Question: How can I tell when my plants need to be fertilized?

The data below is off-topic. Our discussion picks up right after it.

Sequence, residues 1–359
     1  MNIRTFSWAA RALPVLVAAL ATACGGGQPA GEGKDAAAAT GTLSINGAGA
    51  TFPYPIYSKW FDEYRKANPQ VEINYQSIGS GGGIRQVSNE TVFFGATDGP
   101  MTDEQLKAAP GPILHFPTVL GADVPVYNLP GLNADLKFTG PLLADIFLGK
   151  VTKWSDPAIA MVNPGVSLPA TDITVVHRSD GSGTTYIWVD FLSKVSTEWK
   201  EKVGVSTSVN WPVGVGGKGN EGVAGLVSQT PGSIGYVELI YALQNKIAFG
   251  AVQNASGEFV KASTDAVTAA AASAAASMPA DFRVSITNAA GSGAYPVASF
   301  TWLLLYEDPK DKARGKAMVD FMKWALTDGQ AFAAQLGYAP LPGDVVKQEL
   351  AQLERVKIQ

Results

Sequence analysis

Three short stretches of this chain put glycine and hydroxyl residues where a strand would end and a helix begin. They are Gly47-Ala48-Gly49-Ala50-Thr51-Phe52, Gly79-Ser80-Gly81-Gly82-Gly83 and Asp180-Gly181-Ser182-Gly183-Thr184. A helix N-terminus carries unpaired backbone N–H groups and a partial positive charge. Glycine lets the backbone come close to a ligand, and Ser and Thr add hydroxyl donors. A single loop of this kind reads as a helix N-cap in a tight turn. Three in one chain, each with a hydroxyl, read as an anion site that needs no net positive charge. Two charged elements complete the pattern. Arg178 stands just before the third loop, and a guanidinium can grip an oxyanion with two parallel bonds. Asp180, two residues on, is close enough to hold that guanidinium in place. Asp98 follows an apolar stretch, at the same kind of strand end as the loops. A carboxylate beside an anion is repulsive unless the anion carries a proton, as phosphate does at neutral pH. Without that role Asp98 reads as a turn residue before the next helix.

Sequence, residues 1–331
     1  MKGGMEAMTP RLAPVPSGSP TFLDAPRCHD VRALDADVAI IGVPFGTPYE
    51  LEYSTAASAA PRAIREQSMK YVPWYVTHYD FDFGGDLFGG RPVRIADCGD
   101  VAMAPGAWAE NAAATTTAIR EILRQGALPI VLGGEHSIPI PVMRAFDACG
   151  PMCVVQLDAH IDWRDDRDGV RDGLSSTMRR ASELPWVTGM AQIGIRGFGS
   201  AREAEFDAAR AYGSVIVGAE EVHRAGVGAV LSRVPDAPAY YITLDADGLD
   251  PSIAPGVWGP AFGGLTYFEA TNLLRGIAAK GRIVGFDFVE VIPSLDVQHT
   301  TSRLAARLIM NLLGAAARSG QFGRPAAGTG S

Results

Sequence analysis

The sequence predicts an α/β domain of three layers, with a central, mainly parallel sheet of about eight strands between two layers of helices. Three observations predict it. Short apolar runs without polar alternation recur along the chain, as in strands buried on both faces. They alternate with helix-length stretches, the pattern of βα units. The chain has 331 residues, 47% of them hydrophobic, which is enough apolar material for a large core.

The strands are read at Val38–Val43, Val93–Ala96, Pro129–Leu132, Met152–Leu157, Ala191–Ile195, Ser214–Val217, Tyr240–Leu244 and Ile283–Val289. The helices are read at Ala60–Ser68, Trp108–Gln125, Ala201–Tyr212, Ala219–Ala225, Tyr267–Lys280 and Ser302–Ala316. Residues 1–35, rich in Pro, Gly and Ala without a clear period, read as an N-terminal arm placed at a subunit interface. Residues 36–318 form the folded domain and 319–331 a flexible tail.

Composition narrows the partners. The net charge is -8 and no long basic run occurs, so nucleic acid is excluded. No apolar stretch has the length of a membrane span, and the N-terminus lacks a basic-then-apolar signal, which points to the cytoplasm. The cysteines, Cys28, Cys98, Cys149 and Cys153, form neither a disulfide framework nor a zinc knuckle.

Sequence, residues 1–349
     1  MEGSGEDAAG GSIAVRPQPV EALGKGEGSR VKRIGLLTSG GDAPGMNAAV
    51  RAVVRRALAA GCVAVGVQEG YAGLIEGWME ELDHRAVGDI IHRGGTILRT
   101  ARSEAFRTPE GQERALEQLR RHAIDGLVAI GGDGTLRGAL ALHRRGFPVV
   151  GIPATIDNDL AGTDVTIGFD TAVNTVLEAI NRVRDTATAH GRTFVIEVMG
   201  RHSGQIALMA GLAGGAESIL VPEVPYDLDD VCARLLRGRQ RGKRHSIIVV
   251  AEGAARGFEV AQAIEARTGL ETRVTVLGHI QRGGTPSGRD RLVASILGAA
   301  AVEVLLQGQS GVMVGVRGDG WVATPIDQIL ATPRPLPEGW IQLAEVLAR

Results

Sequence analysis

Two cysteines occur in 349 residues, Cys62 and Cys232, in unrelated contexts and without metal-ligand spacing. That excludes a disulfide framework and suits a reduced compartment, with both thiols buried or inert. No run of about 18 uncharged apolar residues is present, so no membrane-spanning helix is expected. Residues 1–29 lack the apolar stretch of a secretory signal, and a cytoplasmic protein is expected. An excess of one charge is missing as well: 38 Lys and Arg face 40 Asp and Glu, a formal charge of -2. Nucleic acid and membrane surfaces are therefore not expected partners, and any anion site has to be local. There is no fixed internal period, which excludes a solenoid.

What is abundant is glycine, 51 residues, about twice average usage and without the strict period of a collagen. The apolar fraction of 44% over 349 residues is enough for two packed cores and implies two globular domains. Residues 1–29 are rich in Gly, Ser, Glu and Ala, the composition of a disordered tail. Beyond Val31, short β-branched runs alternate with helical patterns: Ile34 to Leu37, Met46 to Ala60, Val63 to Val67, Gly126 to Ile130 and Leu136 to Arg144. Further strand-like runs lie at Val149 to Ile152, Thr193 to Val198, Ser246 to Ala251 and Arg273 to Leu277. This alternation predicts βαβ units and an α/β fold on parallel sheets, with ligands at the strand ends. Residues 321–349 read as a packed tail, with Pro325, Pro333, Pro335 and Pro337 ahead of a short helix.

Answer: They’re going to give you the telltale symptoms. Nitrogen shortages will be the most common. The plants’ growth will slow and their leaves won’t be the deep, rich green you would normally expect. The yellowish-green color will be over all of the plant, not just on the new growth. Phosphorus deficiency is much less common. When it does show up, however, it will be seen as stunted growth with a purplish cast to the leaves. You’ll see it on newly seeded bermuda lawns that have been kept too wet, but you’ll rarely encounter it elsewhere. Iron deficiency will have symptoms of yellowed leaves with dark green veins, most prominently displayed on the newest growth first. Lots of other problems resemble iron deficiency, but they won’t match all of those symptoms. Zinc deficiency (pecan rosette) is common only to pecans, and only west of Interstate 35. It causes a stunted dieback of the pecan branches, also referred to as “witches’ brooms.” As for timing of feedings, all of these elements will be most quickly assimilated by the plants if they’re applied several weeks prior to vigorous growth. Most feedings will be made in early spring, late spring and early fall, but timing will vary with the crop. Zinc should be applied as a foliar spray, and you should include it with each application of insecticide that you make from May through the summer.